Pubs failing more underage test purchase checks

By Mike Berry contact

- Last updated on GMT

Related tags: Pass, Serve legal

The pass rate for pubs has declined further during the first six months of 2014
The pass rate for pubs has declined further during the first six months of 2014
Pubs have fallen well behind the off-trade when it comes to staff carrying out age verification checks.

New figures from test purchasing company Serve Legal reveal a growing decline in the number of on-trade outlets passing ID checking tests.

Last year, two thirds (66%) of pubs passed checking tests, a fall of around 4% on 2012, and a decline of 8% from a peak in 2010 where outlets passed about three in every four cases.

Serve Legal said the pass rate for pubs has declined further during the first six months of 2014 - down a further two points to 64%.

In comparison, supermarkets increased their pass rates in 2013 to an all-time high of 85%, with convenience stores and forecourt retailers also showing upward improvements.

Disappointing

The company said the dip in performance of pubs was largely a result of the leased and tenanted sector, where fewer than half (46%) passed the tests. This compared to 85% in late-night venues and 66% in the managed sector.

It also highlighted a particularly disappointing performance in London and Scottish pubs, where the pass rate was lower than that in other regions.

Serve Legal said that while some pub companies have used testing as part of their strategy to improve their performance and driven up pass rates as a result, the majority of pubcos do not have effective, rolling programmes designed to improve staff performance.

Many, for example, only initiate testing after venues have been caught selling to underage drinkers by police or Trading Standards, by which time they have to demonstrate a commitment to improve staff performance or face the consequences.

Training

Serve Legal director Ed Heaver said: “Landlords and pub owners have faced tough trading conditions in recent times, so it is perhaps unsurprising that the ID check pass rate has declined.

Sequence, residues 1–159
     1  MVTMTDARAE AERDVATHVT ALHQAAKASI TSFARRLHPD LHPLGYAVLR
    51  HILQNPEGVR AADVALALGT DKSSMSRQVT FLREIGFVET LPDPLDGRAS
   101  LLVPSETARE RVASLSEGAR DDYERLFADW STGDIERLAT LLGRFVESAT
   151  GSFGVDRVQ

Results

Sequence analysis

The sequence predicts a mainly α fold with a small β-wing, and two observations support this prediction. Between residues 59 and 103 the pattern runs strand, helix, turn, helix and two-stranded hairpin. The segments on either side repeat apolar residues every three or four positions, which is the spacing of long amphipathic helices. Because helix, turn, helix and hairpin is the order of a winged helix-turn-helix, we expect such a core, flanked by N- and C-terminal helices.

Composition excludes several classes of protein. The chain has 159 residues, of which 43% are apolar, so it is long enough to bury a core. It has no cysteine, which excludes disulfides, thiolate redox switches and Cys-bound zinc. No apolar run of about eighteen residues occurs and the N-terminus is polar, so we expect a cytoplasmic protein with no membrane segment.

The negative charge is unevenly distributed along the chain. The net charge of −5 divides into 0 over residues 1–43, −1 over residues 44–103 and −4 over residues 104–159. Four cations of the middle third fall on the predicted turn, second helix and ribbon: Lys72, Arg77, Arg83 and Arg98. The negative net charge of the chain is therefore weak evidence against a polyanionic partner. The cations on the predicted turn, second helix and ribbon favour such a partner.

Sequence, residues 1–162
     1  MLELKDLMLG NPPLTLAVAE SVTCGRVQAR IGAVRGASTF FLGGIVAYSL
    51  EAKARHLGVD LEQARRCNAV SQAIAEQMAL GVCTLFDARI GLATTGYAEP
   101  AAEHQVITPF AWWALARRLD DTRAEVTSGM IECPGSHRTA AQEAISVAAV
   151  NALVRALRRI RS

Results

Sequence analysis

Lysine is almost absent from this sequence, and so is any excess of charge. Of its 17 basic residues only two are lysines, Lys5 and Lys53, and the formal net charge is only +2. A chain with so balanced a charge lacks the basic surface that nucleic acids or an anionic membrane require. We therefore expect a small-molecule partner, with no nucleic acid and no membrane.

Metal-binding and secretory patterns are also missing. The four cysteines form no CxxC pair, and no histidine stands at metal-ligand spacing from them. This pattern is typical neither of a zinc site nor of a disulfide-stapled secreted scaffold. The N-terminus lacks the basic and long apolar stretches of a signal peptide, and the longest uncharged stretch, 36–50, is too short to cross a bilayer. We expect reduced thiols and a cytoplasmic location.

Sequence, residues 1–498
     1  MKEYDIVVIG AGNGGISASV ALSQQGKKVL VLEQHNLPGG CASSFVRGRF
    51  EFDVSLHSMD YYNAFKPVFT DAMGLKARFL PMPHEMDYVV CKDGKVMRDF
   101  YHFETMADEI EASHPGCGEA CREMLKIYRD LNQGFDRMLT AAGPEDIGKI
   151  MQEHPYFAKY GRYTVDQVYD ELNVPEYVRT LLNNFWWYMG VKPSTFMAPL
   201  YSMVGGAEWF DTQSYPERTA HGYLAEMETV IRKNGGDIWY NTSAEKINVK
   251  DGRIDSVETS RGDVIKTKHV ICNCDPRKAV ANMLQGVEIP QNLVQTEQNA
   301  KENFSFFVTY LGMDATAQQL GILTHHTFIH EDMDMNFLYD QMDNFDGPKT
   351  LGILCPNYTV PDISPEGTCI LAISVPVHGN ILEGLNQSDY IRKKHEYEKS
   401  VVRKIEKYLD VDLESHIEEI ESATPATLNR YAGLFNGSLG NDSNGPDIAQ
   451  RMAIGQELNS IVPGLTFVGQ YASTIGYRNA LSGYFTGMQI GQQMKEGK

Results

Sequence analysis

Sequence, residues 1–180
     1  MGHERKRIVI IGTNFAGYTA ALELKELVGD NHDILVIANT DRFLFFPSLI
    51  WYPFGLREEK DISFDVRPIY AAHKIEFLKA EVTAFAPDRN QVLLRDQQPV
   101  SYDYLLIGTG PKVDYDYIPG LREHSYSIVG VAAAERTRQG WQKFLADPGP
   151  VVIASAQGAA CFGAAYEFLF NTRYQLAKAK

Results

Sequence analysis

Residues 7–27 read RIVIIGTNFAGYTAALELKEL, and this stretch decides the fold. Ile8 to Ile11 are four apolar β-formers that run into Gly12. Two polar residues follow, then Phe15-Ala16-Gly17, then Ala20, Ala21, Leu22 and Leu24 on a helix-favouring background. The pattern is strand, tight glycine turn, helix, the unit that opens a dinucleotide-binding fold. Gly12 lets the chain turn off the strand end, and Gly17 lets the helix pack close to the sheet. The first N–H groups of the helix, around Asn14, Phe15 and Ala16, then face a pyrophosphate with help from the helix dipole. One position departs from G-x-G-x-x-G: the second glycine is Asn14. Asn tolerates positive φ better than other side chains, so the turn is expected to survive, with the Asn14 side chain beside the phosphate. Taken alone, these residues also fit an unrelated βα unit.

“However, serving underage customers carries the risk of a hefty fine or loss of licence, so conducting the appropriate ID checks is paramount.

“Ensuring all staff are aligned with the ID checking policy and have received adequate training is crucial. Independent testing of staff has a key role to play in this process - enabling establishments to improve overall performance, as well as helping them demonstrate to local authorities that they take the issue seriously.”

To pass a test, Serve Legal’s team of visitors purchase an age-restricted item and records key information about the transaction, particularly whether ID was requested. All its visitors are young looking 18 or 19 year old people, who should be asked to provide ID to complete the transaction.  

If a visitor is required to provide official ID to complete the transaction then the site passes. If they purchase the items without showing ID then the site fails.   

View an infographic featuring the key results

SERVE LEGAL ID INFOGRAPHIC

SERVE LEGAL ID INFOGRAPHIC.PDF 1.06 MB

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4 comments

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Perhaps this

Posted by Dave Evans,

Has it occurred to anyone that staff correctly judged the age of the purchasers?
It does happen you know.

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Why the disparity..

Posted by Keith Hardy,

Between lessees and tenants and the managed sector? Hard to tell, but it could imply the former group are less risk averse for revenue reasons perhaps? Whereas the managed sector are simply 'following orders' and exercising best practice.

In my experience customers in the target age group are not at all bothered by being ID'd and usually expect it.

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Too difficult for some, apparently

Posted by david,

The testers were "young looking 18 and 19 year olds who should be asked to provide ID".

Of course they should. No licensee has extraterrestrial powers to determine someone's age without proper ID. Selling alcohol is not a game that involves guessing whether someone is 17 or 18.

What is in the minds of licensees who risk their entire livelihood by failing to operate a simple age-verification procedure that they know full well is a fundamental condition of their licence?

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